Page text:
What does it all mean? Here are my conclusions:

– Marketo’s losses reflect a conscious strategy to grow quickly through aggressive pricing. There is no fundamental problem with its cost structure: company could be profitable fairly quickly if it decided to slow down and raise prices.

– Marketo’s future lies in the middle and upper tiers of the market. Its pressing financial need is to raise revenue per client, which will lead it away from the low-cost, bitterly competitive market serving very small businesses.

– The new funding will support an expanded marketing and product push. Competing with Marketo in its target segments is going to be a challenge indeed.

Republished with author's permission from original post.


  1. Wow! A very thorough and detailed analysis. Thanks!

    There are a couple things where I have a different viewpoint.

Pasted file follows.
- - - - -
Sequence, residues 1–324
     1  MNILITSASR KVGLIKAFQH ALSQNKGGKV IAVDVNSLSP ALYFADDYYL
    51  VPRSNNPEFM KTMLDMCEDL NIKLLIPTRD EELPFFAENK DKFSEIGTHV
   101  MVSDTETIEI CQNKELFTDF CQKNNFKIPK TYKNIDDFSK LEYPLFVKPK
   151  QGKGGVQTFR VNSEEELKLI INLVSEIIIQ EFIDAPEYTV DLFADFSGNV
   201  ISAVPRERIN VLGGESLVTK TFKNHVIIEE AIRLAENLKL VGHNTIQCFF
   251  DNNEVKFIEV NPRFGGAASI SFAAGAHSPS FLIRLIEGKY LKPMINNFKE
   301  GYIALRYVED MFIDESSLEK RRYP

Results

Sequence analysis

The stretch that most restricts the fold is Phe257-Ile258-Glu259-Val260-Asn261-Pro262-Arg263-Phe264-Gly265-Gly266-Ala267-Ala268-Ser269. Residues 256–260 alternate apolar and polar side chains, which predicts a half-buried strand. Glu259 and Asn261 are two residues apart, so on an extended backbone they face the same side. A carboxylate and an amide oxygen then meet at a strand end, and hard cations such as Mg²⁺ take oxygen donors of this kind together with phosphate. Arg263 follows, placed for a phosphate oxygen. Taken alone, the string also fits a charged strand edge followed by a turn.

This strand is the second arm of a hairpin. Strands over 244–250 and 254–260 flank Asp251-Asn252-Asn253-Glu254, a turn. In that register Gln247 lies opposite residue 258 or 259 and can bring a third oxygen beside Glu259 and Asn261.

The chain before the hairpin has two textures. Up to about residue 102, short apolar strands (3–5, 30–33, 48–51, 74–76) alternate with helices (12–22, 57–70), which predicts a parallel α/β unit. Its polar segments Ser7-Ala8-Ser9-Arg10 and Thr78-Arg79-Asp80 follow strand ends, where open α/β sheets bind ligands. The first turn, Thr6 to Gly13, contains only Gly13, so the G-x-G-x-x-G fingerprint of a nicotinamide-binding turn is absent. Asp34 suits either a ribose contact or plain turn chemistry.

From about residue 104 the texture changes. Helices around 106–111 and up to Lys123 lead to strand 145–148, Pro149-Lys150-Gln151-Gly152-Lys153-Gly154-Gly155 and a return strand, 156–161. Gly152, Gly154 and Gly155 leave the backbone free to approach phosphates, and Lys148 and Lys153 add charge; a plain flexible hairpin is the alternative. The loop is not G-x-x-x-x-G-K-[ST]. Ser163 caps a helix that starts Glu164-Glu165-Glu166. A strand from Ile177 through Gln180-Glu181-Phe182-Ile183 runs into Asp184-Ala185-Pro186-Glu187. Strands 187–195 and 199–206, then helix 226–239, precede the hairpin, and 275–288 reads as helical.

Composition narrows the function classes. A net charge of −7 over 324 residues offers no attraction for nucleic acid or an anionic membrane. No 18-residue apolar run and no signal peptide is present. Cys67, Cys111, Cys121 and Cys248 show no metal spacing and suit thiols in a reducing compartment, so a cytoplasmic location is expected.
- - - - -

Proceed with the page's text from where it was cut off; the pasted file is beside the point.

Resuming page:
1) Your analysis keeps referring to “revenue” usually as just the first 12 months of revenue. The power of the SaaS model is that the revenue does not stop until a customer cancels, and usually (if you have a good product) they keep paying for years. Your analysis should probably be based on an estimated Lifetime Profit or Lifetime Revenue of a customer, not just 12 months worth. This is why some SaaS companies can pay $x to acquire a customer and might only make 80% of X back in the first year, but still be a viable business. They make back much more than the 20% in years 2 and beyond.